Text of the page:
One thousand fifty microliters of amniotic fluid was centrifuged (7000g, 10 min). The supernatant was then filtered through a 0.45-μm membrane. Total nucleic acid was extracted from the filtrate using COBAS Ampliprep (Roche). In parallel, PBS was filtered and extracted to serve as extraction reagent-only control and two pediatric stool samples were filtered and extracted to serve as a positive control. Sequence-independent DNA and RNA amplification (SIA) was performed on the total nucleic acid as previously described  and used for NEBNext library construction (Illumina). For multiple displacement amplification (MDA), total nucleic acid and three water negative controls were amplified with Phi29 polymerase (GenomiPhi V2 kit, GE Healthcare) according to the manufacturer’s instructions and used for Nextera DNA library construction (Illumina). Libraries were purified and size-selected using Agencourt Ampure XP beads (Beckman-Coulter), followed by quantification using a 2100 Bioanalyzer (Agilent Technologies). Multiplexed SIA libraries were pooled and sequenced separately from multiplexed MDA libraries.
Virome sequence analysis
Illumina sequencing reads were analyzed using VirusSeeker , a BLAST-based computational pipeline to identify viral sequences. Taxonomic classification for bacteriophage sequences were parsed using MEGAN version 6.10.2 . Ecological analyses were performed using the vegan package in R and QIIME2 scripts. Sequencing reads were normalized to 400,000 reads per sample.
Spiking of amniotic fluid
To determine whether inhibitors of PCR might be present in these amniotic fluid specimens, 1.8 × 107 copies of a plasmid containing a portion of the adenovirus hexon gene were added to 1050 μL of amniotic fluid and to 1050 μL of PBS. Total nucleic acid was extracted from these spiked samples using COBAS Ampliprep (Roche). A previously published qPCR targeting the adenovirus hexon gene was then used to quantify the spiked DNA . The qPCR was performed using TaqMan Fast Advanced Master Mix (Thermo Fisher). The 20-μL reaction included 5 μL of extracted total nucleic acid, 18 pmol of each primer, and 5 pmol of probe. The following cycling conditions were used: 95 °C for 2 min, then 45 cycles of 95 °C for 1 s and 60 °C for 20 s. To generate a standard curve for this assay, a plasmid containing the region of interest was used in serial dilutions from 5 × 106 copies to five copies and a limit of detection of five copies was defined. Samples were tested triplicate in a 96-well plate format with water-only negative controls. All water controls were below the limit of detection.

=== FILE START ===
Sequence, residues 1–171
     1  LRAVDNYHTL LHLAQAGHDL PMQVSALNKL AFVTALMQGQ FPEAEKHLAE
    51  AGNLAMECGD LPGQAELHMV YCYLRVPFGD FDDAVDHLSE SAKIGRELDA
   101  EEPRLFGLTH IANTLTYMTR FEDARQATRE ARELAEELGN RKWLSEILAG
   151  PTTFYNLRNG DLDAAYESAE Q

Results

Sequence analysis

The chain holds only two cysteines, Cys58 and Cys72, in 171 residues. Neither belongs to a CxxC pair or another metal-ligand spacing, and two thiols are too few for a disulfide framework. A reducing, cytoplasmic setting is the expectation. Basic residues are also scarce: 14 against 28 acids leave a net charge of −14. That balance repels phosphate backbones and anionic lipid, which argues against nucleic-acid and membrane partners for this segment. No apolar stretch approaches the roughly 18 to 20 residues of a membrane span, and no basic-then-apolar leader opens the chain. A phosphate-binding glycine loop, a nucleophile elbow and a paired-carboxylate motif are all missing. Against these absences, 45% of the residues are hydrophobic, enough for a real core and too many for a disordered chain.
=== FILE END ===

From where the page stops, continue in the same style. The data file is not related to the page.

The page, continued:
To compare the 16S rRNA gene copy number between specimens, CT values from qPCR assay were converted to copy numbers as determined by the standard curve [y = − 4.4358x + 41.126, R2 = 0.9941]. Copy number was normalized to input volume, and a non-parametric Mann-Whitney test (two-tailed) was performed to compare the 16S rRNA gene copy number between specimen types. The bacterial OTU richness was rarefied from 10,000 to 50,000 sequencing reads, in steps of 10,000 over 10 iterations each. To compare the bacterial microbiota beta diversity between specimen groups, Mann-Whitney test (two-tailed) was performed. The heatmap of virome abundance was plotted in R using gplots, with clustering by virus abundance (rows).
We thank Dr. David Wang for the discussion and feedback.
This work was supported in part by the Children’s Discovery Institute (MD-FR-2013-292), Doris Duke Charitable Foundation (2017076), March of Dimes (BOC 388999), the Women and Infant Health Consortium program at Washington University which is supported in part by the Washington University Institute of Clinical and Translational Sciences by the NIH/National Center for Advancing Translational Sciences (NCATS), CTSA grant UL1TR000448, NIH grant R00 DK107923, and Arizona State University startup funding (ESL).
Availability of data and materials
Sequence data has been deposited to the NCBI Sequence Read Archive under BioProject accession number SRP128680.
LRH and ESL conceived and designed the experiments, analyzed the data, and wrote the manuscript. CR and ESL performed the experiments. All authors read and approved the final manuscript.
Ethics approval and consent to participate
The institutional review board at Washington University School of Medicine approved the study. Subjects provided informed consent to be included in the Women and Infants Health Specimen Consortium biobank at Washington University.
The authors declare that they have no competing interests.
Springer Nature remains neutral with regard to jurisdictional claims in published maps and institutional affiliations.